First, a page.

The original 71-minute Almost Famous soundtrack, released Sept. 12, 2000, with exactly one Zeppelin track, was certified gold with more than 500,000 copies sold in the United States alone. Weeks before taking home the Oscar for Best Original Screenplay in 2001, Crowe won the inaugural Grammy Award for Best Compilation Soundtrack Album. It remains his favorite musical compilation (though he has a soft spot for 1989’s Say Anything as well. . . and not just because of “In Your Eyes”).
Crowe proclaims that the success wouldn’t be possible without the help of Wilson, his former wife and veteran Heart rocker who supplied the score as well as the original Stillwater sound. “She and her sister [Ann] are aficionados of the 1970s, so if I told her I wanted somebody who could sound like Simon and Garfunkel and Pete Townsend acoustic, she’d stand in the kitchen and just play a cue,” he recalls. “The stuff was magical.” Crowe adds that when Steven Spielberg, a partner of studio distributor Dreamworks SKG, requested rough footage, he selected a scene featuring her strumming. “He said ‘What’s that music? And I said that’s ‘Cabin in the Air’ by Nancy Wilson,’” he says. Spielberg gave the film his blessing and told him to finish it.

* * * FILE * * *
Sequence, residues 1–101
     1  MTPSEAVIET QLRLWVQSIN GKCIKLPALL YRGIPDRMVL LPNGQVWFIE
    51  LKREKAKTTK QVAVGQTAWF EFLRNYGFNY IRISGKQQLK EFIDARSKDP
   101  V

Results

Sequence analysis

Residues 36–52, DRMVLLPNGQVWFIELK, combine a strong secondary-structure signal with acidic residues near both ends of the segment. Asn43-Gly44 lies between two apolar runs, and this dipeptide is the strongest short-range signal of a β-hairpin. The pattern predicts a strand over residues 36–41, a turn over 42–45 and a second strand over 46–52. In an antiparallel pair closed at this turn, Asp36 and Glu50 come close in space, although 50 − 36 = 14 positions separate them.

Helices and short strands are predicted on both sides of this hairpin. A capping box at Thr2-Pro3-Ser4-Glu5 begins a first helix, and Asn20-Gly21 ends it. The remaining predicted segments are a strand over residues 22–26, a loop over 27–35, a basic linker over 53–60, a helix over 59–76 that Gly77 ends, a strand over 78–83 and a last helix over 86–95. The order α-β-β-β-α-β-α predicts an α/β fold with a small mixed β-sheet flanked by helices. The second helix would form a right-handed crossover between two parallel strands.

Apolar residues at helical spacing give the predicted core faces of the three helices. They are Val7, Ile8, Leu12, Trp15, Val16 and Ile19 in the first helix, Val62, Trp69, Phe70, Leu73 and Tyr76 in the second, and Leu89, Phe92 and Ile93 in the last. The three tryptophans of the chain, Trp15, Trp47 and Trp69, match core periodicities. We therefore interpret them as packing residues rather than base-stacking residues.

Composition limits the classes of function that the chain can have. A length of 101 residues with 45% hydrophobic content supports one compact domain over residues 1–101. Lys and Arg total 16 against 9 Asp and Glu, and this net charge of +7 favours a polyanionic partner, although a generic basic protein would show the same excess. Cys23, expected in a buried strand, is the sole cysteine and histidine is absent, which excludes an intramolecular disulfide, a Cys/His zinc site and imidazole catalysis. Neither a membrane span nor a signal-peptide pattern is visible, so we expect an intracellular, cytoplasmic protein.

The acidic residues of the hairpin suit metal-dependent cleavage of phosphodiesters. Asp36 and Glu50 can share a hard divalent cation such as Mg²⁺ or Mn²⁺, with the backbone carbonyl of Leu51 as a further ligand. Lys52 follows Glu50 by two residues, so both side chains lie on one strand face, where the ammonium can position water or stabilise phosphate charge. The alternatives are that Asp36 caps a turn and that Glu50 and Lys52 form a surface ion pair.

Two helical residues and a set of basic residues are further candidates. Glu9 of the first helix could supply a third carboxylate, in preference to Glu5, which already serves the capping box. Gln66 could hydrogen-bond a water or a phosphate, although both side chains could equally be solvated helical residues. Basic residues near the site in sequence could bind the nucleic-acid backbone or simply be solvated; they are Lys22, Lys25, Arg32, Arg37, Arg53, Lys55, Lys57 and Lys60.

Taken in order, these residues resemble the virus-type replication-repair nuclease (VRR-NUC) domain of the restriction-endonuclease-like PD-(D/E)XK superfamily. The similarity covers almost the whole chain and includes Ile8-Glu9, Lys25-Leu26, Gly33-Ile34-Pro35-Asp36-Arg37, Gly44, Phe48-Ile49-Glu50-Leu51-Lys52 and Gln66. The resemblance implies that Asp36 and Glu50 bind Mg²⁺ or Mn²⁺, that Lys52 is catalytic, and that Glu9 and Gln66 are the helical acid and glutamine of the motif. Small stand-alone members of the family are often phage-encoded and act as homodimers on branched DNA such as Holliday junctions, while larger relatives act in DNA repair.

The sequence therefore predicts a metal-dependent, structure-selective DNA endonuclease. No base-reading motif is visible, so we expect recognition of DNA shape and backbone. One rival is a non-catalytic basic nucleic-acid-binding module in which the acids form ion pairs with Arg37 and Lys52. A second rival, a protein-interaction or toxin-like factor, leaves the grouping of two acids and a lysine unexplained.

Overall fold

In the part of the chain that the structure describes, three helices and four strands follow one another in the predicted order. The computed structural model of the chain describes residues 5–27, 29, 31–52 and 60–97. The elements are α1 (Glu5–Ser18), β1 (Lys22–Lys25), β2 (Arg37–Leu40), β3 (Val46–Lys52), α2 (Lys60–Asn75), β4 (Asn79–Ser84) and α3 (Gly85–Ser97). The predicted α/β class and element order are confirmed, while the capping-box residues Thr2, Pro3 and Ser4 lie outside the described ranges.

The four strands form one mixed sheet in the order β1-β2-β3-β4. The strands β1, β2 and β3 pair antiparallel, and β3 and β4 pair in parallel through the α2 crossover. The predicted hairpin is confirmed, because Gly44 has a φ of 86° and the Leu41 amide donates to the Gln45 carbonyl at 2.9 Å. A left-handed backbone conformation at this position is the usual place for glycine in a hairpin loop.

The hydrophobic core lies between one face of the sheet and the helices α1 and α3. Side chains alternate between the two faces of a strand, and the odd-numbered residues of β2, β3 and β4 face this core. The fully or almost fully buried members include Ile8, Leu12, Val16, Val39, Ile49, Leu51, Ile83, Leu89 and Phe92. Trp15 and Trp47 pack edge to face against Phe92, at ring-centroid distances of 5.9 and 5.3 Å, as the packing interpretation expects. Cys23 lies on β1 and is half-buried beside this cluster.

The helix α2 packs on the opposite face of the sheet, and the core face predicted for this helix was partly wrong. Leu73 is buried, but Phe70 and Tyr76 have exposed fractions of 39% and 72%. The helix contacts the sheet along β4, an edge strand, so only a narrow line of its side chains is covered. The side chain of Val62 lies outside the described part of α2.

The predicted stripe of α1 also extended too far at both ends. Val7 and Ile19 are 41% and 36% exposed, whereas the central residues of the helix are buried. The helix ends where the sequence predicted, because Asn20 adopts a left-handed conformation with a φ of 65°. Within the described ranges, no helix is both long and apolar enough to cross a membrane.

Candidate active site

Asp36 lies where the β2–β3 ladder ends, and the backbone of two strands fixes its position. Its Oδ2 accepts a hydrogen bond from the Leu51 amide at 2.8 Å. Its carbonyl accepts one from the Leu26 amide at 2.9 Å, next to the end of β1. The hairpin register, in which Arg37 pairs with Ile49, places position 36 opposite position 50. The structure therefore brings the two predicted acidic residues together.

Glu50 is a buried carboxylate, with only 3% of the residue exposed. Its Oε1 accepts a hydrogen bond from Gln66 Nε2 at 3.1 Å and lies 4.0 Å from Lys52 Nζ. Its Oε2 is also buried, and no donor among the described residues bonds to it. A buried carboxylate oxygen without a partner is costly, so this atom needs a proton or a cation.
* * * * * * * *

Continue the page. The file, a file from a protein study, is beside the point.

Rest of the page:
Cut to 2021, and Crowe still hasn’t called it a wrap. Aside from the “heartfelt fan souvenir” that is the epic soundtrack, the Almost Famous musical — for which he wrote the book — played to sold-out crowds in San Diego during the pre-pandemic days of 2019. He’s aiming for a 2022 debut on Broadway. “It’s not a jukebox thing,” he insists. “There’s a lot of original music, but it’s got the beautiful emotional spirit of the story of the movie.” He’s also polishing up a screenplay for “a movie that you would go into a theater and see.”
And if he ever gets lonely, he can just go upstairs and visit his friends.